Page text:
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3 Tools You Need to Start a Holiday Debt Diet

Is your current debt load affecting your holiday mood?

Putting your finances on a debt diet through December might be a great way to get your money in shape for the new year. And, by incorporating healthy money habits now, you’ll be more likely to stay motivated and meet your goals in the months to come.

The season of spending has begun

According to a recent holiday outlook poll, Canadians predict they’ll spend an average of $1,500 this holiday season, which includes gifts, entertainment and travel. Eight in 10 Canadians thought they would spend as much or more than they spent last year during the holidays, which can mean more debt being added to already tight budgets.

Instead of adding to your debt this holiday season, put your credit cards on ice and follow these three steps to reduce debt and spend less.

3 tools to help you avoid debt this December

  1. Set a holiday budget. Although the holidays are just a couple of weeks away, you can still take advantage of a few of these helpful tips about how to create a four-week spending plan that will allow you to see exactly how much you have to spend on presents, travel, entertaining and decorations throughout the holidays.

You can also use this holiday budget calculator.

  1. Shop with a plan. Keep a detailed list of what you’ve bought already and a list of what you still need to buy. Avoid shopping when you’re hungry or emotional because this can trigger overspending. And, don’t forget to cross people off your list as you buy for them so you don’t feel tempted to continue buying. Bonus, save money by making your own gifts or getting thrifty with inexpensive gifts. Follow these ideas from Simply Frugal.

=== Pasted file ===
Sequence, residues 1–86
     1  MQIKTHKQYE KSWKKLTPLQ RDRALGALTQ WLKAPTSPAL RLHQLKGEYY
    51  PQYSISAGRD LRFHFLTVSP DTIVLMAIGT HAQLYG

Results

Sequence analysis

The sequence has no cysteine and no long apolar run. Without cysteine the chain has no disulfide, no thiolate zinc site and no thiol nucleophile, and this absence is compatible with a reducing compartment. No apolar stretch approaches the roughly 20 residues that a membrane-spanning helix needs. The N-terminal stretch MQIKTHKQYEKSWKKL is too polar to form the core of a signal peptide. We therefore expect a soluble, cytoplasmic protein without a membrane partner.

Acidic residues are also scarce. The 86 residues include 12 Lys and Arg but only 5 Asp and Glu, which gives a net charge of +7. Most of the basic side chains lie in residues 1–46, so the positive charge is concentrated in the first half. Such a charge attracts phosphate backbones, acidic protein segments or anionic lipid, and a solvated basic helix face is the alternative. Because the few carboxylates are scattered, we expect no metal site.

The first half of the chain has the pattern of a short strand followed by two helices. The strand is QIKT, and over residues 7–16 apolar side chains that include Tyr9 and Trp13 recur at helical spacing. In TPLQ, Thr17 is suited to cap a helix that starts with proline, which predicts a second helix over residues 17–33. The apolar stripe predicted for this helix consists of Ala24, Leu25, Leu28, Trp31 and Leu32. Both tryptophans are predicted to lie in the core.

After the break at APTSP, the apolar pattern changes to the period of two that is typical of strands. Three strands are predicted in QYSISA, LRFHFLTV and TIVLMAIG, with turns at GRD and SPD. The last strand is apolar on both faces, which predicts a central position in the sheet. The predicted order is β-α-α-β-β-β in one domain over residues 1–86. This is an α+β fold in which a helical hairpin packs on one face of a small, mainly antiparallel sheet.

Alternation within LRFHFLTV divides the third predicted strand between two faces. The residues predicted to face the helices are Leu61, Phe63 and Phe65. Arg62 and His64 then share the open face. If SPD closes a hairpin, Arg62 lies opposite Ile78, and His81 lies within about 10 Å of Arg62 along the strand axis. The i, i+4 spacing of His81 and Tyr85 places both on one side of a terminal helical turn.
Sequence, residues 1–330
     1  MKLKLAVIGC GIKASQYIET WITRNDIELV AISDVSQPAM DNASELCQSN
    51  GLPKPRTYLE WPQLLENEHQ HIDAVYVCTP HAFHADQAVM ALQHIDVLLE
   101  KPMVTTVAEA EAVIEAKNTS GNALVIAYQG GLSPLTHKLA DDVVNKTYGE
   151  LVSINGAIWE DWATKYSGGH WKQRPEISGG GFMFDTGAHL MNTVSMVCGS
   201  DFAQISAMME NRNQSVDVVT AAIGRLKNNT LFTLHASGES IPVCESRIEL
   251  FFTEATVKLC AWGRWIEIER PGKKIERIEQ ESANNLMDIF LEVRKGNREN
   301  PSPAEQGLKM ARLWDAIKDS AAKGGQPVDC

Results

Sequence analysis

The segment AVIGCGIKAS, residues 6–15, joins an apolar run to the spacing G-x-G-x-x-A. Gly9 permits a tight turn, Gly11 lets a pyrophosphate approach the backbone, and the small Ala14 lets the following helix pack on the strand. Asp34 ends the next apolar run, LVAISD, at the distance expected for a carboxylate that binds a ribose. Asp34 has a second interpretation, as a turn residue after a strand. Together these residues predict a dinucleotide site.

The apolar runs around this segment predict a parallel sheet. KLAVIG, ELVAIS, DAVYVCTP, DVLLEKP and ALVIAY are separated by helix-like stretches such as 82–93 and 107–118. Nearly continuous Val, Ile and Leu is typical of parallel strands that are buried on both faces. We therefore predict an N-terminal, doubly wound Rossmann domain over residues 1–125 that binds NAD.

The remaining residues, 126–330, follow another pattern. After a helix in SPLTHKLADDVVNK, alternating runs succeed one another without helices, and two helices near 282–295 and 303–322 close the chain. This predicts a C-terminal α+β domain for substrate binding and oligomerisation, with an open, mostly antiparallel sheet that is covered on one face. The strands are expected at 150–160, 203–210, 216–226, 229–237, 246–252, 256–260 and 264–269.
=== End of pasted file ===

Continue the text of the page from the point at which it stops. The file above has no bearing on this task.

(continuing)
2. Keep your goals front and center. If your budget is tight and you’re hoping to reduce debt rather than add to it, here are a few goals you might want to incorporate this month:
    • Scale back your holiday shopping and add extra money to an emergency fund.
    • Look into your debt relief options by contacting a professional or using a repayment options calculator.
    • Communicate with family that you’d rather spend time together rather than money.

If you were beginning a diet or exercise routine, you would research what you needed to do and gather the necessary tools to help you reach success. The same is true when it comes to meeting financial goals. By setting goals and making debt relief a priority, you’ll reduce your stress and get a head start on planning for the new year.

How will you avoid holiday debt this season? Share your ideas with us via Twitter. #DebtSolutions #HolidayDebt



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